My question therefore is: Given the crafting rules on XGtE p. 130 (and potentially other rules that I overlooked), are healing potions exempt from magic item progression? If not, what would be the balance implication of changing that?

dnd 5th – What guidelines (if any) apply to potions of various rarities?

Potions are magic items so they follow the same general rules as other magic items.

From page 135 of DMG:

Scarcity provides an approximate measure of the power of an object compared to other magical objects. Each rarity corresponds to the level of the character, as indicated in the rarity table of magic objects. A character usually does not find a rare magic item, for example, until around the 5th level. That said, scarcity shouldn't hinder the history of your campaign. If you want a invisibility ring fall into the hands of a 1st level character, so be it. There is no doubt that a great story will result from this event.

And the rarity table for magic items is on the same page, just below the section I mentioned above.

healing – Can delusional reality be used to prepare food or potions?

As the title suggests, I question the ability of delusional reality to support and heal. He states that "you can choose an inanimate, non-magical object that is part of the illusion and make that object real."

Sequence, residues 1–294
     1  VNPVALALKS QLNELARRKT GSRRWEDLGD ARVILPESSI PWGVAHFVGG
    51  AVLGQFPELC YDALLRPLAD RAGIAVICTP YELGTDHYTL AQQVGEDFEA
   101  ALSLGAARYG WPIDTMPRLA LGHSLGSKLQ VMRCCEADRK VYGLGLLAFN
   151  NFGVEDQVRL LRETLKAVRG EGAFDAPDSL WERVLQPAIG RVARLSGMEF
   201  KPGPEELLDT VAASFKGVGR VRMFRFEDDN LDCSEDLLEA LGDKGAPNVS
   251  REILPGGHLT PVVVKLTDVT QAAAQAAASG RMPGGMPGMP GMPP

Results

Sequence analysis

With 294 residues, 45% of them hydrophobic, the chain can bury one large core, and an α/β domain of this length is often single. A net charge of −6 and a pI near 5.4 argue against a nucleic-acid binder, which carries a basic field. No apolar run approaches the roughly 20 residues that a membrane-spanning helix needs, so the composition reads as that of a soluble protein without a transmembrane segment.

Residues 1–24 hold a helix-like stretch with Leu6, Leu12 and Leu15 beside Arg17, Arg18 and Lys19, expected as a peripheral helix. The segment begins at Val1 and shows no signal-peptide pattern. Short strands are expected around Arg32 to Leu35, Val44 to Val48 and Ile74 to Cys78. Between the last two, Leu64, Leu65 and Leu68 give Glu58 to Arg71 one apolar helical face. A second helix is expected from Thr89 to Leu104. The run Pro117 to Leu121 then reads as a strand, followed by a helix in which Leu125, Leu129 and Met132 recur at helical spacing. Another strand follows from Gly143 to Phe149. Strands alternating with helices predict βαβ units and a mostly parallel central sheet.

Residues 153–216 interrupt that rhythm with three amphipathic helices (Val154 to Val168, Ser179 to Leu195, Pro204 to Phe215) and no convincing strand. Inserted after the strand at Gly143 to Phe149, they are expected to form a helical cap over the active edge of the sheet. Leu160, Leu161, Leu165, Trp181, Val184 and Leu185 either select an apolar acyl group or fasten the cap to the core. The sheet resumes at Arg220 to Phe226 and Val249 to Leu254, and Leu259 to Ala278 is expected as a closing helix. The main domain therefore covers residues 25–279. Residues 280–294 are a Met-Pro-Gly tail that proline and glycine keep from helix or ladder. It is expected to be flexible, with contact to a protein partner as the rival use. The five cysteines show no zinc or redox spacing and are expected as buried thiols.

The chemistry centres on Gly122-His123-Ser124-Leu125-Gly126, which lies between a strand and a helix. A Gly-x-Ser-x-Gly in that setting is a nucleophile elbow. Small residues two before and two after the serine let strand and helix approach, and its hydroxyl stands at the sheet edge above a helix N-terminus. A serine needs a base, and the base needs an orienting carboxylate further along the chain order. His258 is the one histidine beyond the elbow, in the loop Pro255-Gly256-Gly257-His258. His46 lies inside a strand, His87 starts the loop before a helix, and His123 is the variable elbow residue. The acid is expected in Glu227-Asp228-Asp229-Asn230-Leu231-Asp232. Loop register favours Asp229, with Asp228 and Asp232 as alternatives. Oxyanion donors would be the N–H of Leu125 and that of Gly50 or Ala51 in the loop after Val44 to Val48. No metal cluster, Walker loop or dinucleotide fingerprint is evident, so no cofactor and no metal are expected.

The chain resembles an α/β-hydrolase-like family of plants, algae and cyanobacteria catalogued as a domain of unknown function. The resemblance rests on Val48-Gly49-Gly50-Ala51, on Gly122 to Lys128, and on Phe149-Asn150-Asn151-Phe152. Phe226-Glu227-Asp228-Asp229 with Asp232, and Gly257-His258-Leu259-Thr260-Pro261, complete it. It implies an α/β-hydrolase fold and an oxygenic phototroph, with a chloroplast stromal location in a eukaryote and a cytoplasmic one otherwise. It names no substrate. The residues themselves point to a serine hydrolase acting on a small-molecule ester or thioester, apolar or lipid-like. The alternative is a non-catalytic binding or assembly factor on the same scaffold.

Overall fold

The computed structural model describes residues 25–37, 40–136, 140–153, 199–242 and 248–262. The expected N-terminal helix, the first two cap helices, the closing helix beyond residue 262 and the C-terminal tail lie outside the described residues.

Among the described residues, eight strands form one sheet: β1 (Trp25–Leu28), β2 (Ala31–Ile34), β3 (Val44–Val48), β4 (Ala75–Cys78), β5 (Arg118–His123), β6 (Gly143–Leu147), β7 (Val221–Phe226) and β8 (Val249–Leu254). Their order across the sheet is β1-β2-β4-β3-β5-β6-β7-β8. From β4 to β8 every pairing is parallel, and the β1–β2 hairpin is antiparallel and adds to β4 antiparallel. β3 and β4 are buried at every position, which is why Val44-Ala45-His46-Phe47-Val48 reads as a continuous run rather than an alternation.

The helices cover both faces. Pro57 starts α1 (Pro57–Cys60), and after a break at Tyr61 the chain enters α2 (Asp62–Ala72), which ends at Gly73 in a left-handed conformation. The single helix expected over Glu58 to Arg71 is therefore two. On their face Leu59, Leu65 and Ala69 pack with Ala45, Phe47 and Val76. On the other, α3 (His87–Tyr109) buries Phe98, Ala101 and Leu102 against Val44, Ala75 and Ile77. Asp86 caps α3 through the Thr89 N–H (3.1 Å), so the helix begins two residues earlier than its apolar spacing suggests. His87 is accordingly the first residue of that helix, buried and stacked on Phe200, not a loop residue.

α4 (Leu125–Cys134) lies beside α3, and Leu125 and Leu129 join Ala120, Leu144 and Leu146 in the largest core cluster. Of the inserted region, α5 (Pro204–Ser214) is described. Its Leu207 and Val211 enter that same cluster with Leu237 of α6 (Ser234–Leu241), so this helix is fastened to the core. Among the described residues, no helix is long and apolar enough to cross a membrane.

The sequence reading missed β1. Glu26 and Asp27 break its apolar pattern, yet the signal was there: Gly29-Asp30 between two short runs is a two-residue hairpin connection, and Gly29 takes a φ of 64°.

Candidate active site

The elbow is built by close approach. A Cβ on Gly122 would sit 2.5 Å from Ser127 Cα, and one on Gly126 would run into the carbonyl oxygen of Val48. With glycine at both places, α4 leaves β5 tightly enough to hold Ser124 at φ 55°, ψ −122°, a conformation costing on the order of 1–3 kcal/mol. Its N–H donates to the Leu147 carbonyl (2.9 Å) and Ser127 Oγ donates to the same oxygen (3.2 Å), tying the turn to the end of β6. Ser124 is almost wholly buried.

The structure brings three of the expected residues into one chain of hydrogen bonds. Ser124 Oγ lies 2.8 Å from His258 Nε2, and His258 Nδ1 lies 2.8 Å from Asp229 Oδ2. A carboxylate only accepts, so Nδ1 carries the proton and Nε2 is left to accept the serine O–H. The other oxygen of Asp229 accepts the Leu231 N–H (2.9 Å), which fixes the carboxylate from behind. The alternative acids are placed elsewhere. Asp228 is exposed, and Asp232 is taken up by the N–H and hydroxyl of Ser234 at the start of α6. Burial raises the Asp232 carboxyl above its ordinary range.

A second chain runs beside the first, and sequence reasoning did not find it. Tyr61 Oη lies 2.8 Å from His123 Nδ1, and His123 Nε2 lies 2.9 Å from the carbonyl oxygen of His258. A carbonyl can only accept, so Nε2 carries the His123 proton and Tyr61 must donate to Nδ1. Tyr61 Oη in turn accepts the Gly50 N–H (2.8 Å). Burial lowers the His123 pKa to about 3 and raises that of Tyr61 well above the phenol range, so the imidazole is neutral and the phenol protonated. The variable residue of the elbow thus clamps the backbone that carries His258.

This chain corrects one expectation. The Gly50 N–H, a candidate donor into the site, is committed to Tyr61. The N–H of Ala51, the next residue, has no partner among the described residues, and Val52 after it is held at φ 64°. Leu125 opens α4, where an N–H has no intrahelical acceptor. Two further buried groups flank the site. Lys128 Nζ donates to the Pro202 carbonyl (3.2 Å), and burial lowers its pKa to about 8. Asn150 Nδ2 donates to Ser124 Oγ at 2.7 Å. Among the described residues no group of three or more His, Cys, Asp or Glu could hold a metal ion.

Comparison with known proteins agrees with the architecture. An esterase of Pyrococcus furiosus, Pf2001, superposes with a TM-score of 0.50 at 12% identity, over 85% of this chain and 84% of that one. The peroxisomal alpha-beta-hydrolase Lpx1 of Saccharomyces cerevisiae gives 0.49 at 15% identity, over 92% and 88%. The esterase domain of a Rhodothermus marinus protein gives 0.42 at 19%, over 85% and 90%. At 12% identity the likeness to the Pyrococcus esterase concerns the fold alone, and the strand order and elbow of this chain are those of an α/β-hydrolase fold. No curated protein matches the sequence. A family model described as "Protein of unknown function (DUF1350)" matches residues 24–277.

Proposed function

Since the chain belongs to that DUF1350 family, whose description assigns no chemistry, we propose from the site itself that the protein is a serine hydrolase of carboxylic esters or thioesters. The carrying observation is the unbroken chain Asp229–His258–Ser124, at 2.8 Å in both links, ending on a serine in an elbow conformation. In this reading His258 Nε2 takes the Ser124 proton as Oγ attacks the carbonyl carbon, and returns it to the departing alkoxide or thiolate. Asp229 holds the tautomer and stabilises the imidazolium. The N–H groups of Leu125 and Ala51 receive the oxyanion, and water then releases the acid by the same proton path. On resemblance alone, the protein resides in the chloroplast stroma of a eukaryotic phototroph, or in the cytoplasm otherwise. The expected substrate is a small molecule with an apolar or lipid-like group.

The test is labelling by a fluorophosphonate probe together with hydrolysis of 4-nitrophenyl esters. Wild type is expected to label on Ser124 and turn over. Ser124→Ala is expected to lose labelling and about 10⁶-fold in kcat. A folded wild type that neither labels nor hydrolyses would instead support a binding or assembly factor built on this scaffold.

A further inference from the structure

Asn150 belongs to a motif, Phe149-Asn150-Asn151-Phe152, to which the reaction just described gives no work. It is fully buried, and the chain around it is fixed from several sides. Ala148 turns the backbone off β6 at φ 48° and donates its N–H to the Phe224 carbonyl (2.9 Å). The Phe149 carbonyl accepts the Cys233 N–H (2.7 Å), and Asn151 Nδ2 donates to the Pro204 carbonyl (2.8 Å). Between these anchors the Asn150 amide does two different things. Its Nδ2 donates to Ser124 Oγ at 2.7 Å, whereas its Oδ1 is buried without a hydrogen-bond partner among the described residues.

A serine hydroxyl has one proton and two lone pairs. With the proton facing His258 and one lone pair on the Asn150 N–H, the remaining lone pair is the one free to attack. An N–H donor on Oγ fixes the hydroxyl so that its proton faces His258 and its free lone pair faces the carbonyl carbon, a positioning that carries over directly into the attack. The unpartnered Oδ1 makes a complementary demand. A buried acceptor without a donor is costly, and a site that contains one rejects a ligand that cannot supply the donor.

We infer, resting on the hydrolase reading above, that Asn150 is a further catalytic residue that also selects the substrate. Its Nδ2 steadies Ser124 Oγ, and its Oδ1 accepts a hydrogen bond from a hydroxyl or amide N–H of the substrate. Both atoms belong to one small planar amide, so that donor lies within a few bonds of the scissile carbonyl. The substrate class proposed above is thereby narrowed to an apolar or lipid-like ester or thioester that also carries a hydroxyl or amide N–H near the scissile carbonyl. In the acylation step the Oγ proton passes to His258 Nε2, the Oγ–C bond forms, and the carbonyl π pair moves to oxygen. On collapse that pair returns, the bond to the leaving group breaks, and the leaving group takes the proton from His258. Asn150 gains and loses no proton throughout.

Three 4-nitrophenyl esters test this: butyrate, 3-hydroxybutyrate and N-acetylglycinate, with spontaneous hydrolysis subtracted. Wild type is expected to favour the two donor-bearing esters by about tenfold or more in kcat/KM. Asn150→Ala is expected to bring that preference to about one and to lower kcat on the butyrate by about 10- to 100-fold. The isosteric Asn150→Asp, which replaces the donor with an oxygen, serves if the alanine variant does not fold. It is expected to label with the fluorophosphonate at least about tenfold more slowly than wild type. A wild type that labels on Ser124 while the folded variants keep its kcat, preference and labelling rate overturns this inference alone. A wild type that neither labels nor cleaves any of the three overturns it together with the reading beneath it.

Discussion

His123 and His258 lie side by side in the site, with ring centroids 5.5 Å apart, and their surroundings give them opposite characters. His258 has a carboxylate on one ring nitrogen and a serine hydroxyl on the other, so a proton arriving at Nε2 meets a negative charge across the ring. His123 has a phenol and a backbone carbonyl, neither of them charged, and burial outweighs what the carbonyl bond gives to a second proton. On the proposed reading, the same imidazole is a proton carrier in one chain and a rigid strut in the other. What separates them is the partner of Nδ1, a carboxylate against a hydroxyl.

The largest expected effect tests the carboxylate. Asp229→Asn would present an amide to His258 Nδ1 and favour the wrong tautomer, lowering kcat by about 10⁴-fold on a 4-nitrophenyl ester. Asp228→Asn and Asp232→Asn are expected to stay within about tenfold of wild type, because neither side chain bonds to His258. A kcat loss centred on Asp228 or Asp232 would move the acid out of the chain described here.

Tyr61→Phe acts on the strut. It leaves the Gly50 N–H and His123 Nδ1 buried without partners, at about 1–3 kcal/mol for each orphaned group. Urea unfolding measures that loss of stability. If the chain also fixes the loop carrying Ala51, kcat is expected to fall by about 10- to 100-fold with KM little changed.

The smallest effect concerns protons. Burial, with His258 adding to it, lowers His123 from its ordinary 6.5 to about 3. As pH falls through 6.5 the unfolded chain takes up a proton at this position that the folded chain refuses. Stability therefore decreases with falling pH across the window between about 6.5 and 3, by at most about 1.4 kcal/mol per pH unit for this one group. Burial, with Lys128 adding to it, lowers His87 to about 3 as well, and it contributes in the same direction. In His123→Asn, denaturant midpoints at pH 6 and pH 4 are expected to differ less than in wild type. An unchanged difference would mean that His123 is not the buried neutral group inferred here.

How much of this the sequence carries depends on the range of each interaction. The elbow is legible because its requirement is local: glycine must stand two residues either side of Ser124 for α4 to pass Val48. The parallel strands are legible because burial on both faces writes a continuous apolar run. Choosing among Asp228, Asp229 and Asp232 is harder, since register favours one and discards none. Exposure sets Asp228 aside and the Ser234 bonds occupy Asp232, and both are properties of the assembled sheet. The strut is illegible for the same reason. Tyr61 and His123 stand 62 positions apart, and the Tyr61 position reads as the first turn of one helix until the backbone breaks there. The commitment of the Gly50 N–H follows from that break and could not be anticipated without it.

Well at least for me, there is nothing magical or animated in a ham sandwich or a glass of water or a healing potion.
It seems like a lot of people focus on its uses for damage when they ask these kinds of questions, but what about healing or food? Is it possible to create an illusion of a piece of cooked meat and make it real and then eat it to save yourself from starvation? What about healing? Can you prepare a potion and use it to heal yourself in an emergency?

5th dnd – Identify non-edible potions such as sharpness oil

You choose an item that you must touch while casting the spell. If it is a magic object or other object impregnated with magic, you will learn its properties and its use, if it requires an introduction to the use and the number of burdens he eventually incurred.


The identification spell is the fastest way to reveal a
the properties of the article. Alternatively, a character can focus
on a magical object for a short rest while being in
physical contact with the object. At the end of the rest, the
character learns the properties of the object, as well as the
use them. Potions are an exception; a little taste is
enough to tell the taster what the potion is doing.

The oil is not a potion, so its tasting simply tells you that it is oily.

Wearing or experiencing an article can also offer
indications on its properties.

Coat your sword a bit and see if its sharpening can work.

pathfinder 1e – Can the Magic Missile Potions be made useful?